MEDFORD, Ore. — Sitting in the living room of his home in Coeur d’Alene, Idaho, Rico Valentino listened as two white supremacists hatched a scheme. What was needed, they said, was a smaller group, a specific target and a specific plan. A bomb.
Valentino nodded as they spoke. The men trusted the flamboyantly dressed, guitar-playing wrestling promoter who’d endeared himself to the Aryan Nations’ decidedly macho membership. What Robert Winslow and Stephen Nelson didn’t know that day in 1990 was that within a year, they’d both be in federal prison because of Rico’s testimony.
On a recent afternoon at a Medford, Oregon, coffee shop, his eyes hidden behind dark sunglasses, Valentino, who now lives in a rural part of Jackson County and describes himself as “78 before breakfast,” says he first became an informant while working in the burgeoning wrestling industry in the 1960s. In those days, the circuit was rampant with drugs, he says.
“I was promoting wrestling in California and two federal narcotics agents came up to me,” he recalls. The agents wanted him to help them make a case against another member of the circuit who was also a prominent cocaine dealer. “They said he was bringing it in big-time.”
The undercover gig paid well and he enjoyed it, so he kept it up, going on to work for other agencies in Northern California. Another job opportunity presented itself in the early 1980s, when a drug dealer approached Valentino while he was in Medford visiting with his sister. Valentino said he went straight to the Jackson County Sheriff’s Department and approached then-Sheriff C.W. Smith, asking for $10,000 in buy money and offering his services as an informant.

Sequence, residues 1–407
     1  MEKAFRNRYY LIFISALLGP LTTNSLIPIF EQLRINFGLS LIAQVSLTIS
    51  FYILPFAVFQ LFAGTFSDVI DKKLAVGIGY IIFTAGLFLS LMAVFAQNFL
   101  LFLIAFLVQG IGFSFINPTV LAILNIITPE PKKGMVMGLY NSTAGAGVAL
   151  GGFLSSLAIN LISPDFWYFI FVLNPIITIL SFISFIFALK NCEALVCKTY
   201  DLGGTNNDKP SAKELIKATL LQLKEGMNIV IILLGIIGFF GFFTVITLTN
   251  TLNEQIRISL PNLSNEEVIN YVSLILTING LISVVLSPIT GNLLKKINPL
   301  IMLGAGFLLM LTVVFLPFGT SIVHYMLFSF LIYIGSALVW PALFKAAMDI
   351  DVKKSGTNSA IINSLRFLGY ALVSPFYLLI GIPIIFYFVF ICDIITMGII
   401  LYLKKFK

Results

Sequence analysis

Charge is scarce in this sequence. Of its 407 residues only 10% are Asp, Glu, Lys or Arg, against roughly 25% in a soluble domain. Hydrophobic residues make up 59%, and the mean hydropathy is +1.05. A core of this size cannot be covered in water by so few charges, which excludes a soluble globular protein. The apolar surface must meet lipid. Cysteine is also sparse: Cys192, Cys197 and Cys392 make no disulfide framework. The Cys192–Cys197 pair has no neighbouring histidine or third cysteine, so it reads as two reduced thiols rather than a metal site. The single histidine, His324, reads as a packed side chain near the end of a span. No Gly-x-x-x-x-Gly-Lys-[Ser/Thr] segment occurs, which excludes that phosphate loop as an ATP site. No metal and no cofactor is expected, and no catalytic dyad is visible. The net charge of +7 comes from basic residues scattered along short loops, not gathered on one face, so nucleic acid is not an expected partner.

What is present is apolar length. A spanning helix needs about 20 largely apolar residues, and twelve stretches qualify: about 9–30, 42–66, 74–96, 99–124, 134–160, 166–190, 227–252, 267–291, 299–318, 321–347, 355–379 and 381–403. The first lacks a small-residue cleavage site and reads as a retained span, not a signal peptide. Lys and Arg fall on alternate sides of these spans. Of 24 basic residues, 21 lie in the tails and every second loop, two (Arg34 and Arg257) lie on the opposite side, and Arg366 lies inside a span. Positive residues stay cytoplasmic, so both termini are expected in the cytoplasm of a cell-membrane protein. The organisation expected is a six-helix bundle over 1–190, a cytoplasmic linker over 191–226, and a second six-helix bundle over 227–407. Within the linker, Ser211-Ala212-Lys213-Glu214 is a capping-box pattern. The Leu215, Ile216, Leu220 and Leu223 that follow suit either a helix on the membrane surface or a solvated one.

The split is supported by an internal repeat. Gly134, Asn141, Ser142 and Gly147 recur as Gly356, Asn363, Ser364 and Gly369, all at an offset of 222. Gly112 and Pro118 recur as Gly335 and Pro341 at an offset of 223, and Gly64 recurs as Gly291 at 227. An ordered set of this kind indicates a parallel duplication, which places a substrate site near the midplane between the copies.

Smith was skeptical at first and called around to check his references. “He told (Lt. Jim VanSant), ‘If that S.O.B. runs with the money, shoot him,”’ Valentino recalls, laughing.
But the sting worked and investigators got their man, so he continued working for the sheriff’s department. “I’ve worked for a bunch of sheriffs, but C.W. was the best,” he says. “He’s one of the few people in the world I can call a true friend.”
By 1989, Valentino was working for the FBI as a highly placed informant in the Aryan Nations compound at Hayden Lake, Idaho. The white supremacist group was at the top of federal law enforcement agencies’ target lists after a splinter group called The Order went on a nationwide crime spree and sought to start an anti-government revolution four years earlier. Valentino was so successful infiltrating the organization that Richard Butler, the leader of the Aryan Nations, was later reluctant to accept that Rico had been working against him all along.
For much of his time working undercover, Valentino wore a hidden microphone connected to a transmitter or a tape recorder. Discovery of the wire could have meant death for the former wrestler, but his intimidating size kept anyone from getting too handsy, he says. “Nobody had the nerve to search me.”
At the time the FBI was inserting Valentino into the Aryan Nations, the Bureau of Alcohol, Tobacco and Firearms already had placed a man of their own close to the top. These days, law enforcement agencies “deconflict” their undercover and tactical operations through state and national watch centers and regional computer systems. But when he first encountered Rico in 1989, ATF informant Kenneth Fadeley later testified before Congress, there wasn’t any coordination between federal law enforcement agencies with regard to avoiding conflict between their informants.